• September 29, 2012


      The motivation of those that outsourced the jobs is that they agreed to act as agents responsible for optimizing the return on investments that were dedicated to solving the problem of providing furniture at maximum value to consumers.  They were acting on their own behalf as agents with this responsibility.  Consumers, investors and third world employees were all benefited due to this action, regardless of whether it was intended by the managers or not.  Smith called it the invisible hand. 

      To be honest, I am retired and in the bottom quintile of income, but am by no means struggling.  However my position is irrelevant. The point is that economics is a counterintuitive complex adaptive system — possibly the most complex system in the universe — and our natural instincts lead us astray, and have done so since history began.  

      I too am opposed to anyone directly harming another for the pursuit of gain.  Offering a job to someone in Vietnam is not such an act.  It is an act which helps advance human prosperity without directly causing coercive harm to anyone.  Yes, the American worker has to find a new job, but that is the dynamic nature of the complex adaptive system.  If you stop the dynamism, you choke off the machine all together. Doing so would lead to the reversal of human well being over the past two hundred years.  At the extreme it would lead to billions of deaths, and human impoverishment.  You want this on your conscience? The point being that it may be convenient to oversimplify economics to something that matches how you would like the world to work,but reality has consequences.  When the results of your misguided good intentions lead to something worse than Pol Pot, don’t you think you should revise your world view?  Just asking.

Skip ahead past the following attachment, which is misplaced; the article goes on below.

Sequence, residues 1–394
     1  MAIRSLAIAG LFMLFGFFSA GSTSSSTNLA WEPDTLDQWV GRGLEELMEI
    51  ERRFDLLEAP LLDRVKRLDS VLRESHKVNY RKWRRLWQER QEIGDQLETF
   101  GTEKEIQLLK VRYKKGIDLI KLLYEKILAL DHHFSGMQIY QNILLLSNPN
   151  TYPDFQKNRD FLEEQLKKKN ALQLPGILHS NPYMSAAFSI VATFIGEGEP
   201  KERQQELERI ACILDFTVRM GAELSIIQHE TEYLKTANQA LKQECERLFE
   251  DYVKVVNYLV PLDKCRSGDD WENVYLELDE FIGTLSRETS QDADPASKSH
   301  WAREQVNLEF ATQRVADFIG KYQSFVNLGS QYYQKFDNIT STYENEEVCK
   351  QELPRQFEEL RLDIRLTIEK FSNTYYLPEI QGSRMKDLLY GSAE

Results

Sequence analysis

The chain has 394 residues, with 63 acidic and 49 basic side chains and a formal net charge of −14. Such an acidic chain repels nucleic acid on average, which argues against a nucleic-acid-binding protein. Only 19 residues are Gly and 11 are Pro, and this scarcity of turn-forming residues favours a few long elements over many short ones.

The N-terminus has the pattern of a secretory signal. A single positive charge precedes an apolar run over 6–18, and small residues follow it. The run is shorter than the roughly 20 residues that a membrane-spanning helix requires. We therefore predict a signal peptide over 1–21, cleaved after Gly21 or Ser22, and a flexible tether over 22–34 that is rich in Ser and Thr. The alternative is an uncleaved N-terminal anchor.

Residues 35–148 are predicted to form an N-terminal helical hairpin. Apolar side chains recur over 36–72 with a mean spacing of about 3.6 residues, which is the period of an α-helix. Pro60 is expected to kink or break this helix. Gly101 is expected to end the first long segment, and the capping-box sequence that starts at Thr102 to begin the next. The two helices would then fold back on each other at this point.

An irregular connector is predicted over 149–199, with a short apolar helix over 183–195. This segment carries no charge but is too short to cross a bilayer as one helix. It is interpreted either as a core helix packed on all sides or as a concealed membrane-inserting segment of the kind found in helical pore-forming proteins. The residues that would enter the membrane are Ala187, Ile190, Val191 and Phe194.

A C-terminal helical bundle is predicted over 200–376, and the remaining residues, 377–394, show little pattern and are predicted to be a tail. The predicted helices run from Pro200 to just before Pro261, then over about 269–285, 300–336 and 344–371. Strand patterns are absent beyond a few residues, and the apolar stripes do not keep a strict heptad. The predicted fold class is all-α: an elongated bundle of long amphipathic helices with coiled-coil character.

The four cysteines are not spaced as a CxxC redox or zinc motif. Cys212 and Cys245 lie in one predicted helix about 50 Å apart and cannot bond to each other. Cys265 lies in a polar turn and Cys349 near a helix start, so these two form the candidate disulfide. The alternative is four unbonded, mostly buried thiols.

Free enterprise by definition does not work in a zero sum, win/lose fashion.  You are totally wrong here.  It is based upon voluntary, un-coerced mutually beneficial interactions which create net utility.  Pushing is not to be allowed. It is why we are no longer poor and short lived. Value self amplified through voluntary, positive sum interactions. I am not sure if anything is limitless, but for all intents and purposes, utility is not fundamentally limited by any law of physics that I know of — just by our ingenuity. 

      It is absolutely not true that for some to get more others must get less.  You are making the zero sum fallacy here (which in your defense even economists wrestled with for over a century before totally grasping). The root of the fallacy comes from viewing utility as objective rather than subjective. The rise of China and India aren’t threats for free markets.  They are wondrous breakthroughs for humanity as people that were previously locked out of the system now get to add value and gain benefit as well.  More people have risen out of poverty in the past decade than ever before in the history of the universe. How about celebrating the best news ever, rather than calling them greedy?